6      The open space has high biodiversity value (or potential to improve biodiversity value) – demonstrated through being designated for its interest, being highlighted in the Maidstone Biodiversity Action Plan for its habitats or species or being identified in the Green and Blue Infrastructure Strategy as an important site.

 

7      The open space provides (or has greater potential in providing) wider environmental benefits, for example contributing to water management including flooding, as a connecting wildlife corridor or ‘stepping stone’ site or through contributing to improving air quality or climate change adaptation.

Implementing the Matrix

 

After assessment, each open space will fall into one of the four quadrants of the matrix.  This will help to indicate a possible course of action for each open space, but the final decision will require consideration by experienced staff.  The matrix provides a tool to help decision making by MBC in the context of wider MBC strategies and the Parks & Open Spaces 10 year Plan. Fundamentally it supports decision-making on the targeting of resources.

 

In summary, the actions going forward could be:

 

High Value – High Quality:  These open spaces are performing strongly; they fulfil an identified need to a high quality.  It is important that this standard is maintained to ensure that these functions continue to be provided.  Although these sites perform well there may also be areas in which the site could be improved.  Plans should be produced to identify areas of improvement and to ensure that the sites continue to maintain high quality.

 

High Value Low Quality:  These open spaces have a high value/serve a strong need but this not being delivered to its full potential due to low quality or inadequate facilities.  These open spaces should be a priority for investmentInvestment plans should be drawn up to quantify the improvements required and to develop a business case.  Funding could then be sought through s106, CIL or internal or external funding sources.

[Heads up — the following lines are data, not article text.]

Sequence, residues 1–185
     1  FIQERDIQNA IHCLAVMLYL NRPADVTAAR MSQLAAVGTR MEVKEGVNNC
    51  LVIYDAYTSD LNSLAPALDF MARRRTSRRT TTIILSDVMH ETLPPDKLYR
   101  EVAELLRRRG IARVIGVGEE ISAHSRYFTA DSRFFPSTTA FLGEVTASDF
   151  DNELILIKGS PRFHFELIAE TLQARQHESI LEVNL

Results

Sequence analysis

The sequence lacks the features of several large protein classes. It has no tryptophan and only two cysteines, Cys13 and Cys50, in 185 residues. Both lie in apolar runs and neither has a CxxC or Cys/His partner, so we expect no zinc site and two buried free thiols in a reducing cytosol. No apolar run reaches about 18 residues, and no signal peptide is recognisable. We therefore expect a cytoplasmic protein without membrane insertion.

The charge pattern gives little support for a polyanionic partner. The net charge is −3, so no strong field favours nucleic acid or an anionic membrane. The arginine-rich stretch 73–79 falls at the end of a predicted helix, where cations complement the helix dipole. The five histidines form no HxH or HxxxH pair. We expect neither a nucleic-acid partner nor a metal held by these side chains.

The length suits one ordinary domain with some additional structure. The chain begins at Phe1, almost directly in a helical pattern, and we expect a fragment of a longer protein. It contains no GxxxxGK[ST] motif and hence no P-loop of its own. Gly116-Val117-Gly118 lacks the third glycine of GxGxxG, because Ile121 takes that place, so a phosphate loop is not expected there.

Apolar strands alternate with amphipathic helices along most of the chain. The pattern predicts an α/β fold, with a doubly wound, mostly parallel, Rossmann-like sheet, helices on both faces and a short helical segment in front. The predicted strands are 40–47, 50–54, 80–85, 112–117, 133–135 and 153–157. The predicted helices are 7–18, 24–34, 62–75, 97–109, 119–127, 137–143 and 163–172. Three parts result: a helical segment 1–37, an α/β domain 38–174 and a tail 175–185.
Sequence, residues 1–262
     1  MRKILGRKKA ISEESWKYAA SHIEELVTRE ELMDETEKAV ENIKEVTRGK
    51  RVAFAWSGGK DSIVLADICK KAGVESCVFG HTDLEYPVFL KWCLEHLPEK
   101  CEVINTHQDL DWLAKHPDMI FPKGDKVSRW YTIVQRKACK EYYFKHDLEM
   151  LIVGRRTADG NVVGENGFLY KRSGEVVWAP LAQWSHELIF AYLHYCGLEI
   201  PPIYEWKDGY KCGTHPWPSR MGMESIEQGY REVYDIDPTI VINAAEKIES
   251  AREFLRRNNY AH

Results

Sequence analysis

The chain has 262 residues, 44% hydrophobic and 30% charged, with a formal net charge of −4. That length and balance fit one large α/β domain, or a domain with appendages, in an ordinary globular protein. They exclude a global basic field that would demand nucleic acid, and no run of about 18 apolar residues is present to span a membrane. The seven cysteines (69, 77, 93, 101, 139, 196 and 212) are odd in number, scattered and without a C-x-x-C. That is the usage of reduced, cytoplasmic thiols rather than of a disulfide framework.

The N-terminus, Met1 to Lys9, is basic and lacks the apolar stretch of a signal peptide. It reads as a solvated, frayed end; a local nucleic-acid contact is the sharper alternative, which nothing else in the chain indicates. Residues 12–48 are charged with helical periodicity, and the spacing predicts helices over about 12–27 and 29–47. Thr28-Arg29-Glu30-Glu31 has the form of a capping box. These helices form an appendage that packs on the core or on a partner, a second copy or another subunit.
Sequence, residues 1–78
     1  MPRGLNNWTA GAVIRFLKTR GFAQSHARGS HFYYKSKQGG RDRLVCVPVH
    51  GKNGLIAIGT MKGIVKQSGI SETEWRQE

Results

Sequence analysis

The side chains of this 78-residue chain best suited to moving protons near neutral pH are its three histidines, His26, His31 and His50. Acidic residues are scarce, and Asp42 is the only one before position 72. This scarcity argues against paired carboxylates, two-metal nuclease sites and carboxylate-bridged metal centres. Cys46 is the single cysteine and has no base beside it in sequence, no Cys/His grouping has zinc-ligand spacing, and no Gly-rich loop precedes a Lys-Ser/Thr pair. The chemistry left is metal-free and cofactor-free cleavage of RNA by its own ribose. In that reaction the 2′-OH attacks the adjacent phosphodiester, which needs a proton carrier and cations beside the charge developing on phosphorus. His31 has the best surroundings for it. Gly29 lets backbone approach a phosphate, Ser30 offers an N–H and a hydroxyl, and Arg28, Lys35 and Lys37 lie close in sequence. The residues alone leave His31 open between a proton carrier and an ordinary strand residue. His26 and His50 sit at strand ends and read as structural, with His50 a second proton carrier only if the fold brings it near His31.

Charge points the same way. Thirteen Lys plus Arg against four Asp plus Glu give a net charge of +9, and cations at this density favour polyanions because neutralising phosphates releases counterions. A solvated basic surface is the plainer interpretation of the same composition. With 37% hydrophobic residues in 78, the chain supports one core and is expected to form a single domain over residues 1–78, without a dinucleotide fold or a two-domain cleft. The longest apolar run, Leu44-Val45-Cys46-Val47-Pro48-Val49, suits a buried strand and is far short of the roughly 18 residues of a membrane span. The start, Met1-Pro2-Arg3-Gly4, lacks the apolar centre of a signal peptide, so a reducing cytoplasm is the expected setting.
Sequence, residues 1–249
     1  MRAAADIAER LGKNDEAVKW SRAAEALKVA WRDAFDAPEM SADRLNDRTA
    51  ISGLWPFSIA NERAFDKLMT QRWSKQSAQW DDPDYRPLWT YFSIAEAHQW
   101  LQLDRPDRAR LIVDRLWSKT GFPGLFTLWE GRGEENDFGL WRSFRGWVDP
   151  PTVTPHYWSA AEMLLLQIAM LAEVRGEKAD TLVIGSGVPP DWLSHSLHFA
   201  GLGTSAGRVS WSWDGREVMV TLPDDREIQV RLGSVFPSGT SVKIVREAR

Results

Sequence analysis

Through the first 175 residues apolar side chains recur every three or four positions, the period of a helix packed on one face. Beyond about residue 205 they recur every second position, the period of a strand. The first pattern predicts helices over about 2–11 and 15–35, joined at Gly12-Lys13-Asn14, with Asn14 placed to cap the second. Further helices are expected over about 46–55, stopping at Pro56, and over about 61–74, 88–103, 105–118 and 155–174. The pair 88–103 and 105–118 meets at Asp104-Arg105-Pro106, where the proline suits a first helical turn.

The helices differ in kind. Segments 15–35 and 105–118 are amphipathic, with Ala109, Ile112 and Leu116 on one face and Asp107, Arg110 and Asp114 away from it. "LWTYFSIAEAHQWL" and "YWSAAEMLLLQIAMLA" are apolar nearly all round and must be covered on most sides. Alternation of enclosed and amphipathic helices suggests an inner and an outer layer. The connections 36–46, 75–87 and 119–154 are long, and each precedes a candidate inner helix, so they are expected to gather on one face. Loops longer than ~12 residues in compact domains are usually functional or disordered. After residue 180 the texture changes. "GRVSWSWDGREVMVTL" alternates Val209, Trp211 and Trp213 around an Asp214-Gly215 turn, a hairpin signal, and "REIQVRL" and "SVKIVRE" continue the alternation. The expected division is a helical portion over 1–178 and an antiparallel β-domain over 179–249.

Low Value High Quality:  These open spaces are being maintained to a high quality but do not score highly across the value criteria.  This may be, for example, that they are in an area where there is a good supply of open space.  The future of these open spaces needs careful consideration on a case-by-case basis and taking into account the wider community.  In these cases the matrix should be used to provoke a more in-depth consideration of the open space and its role and not for making the final decision on the future of the site.  Even though the value score for the open spaces may be low, they may be highly valued by the local community.  Options for these open spaces may include reducing management input, seeking ways to manage with less input (e.g. reducing bedding or planting) or divesting to a more community based management structure in the medium term.

 

Low Quality – Low Value:  These open spaces do not provide high value or serve a high level of need.  Although low quality, investment in these open spaces would not improve the value which the sites bring.  MBC therefore needs to consider future management of these open spaces.  Options may include reducing management input, seeking ways to manage with less input (e.g. reducing bedding or planting) or divesting to a more community based management structure in the medium term.

 

 

 

 


 

Action Area 2: Providing Open Spaces for a Changing Population

 

 

Why do we need this Action Area?

 

·        Maidstone is growing: new housing and population change will increase the demand for open space, and we need to make sure it is provided and supports vibrant communities;

·        We need to make sure new open spaces provided by developers continue to be maintained to a high standard in the long term; and that the Council does not pay the cost of failure;

·        We need to make sure that existing open spaces are invested in so that more demand from an increased population does not degrade them;

·        We need to work smarter to deliver more health and well-being improvements for a changing population.

 

How will we achieve this?

 

·        By understanding the supply of and need for open spaces, and forward-planning to ensure provision is made;

·        By setting up robust agreements with developers to ensure sustainable management;

·        By ensuring new spaces are well-designed;

·        Through seeking developer contributions to improve existing spaces to meet the identified need.

Whatman Park

 

 


Action Area 3: Connected Delivery – Multiple Benefits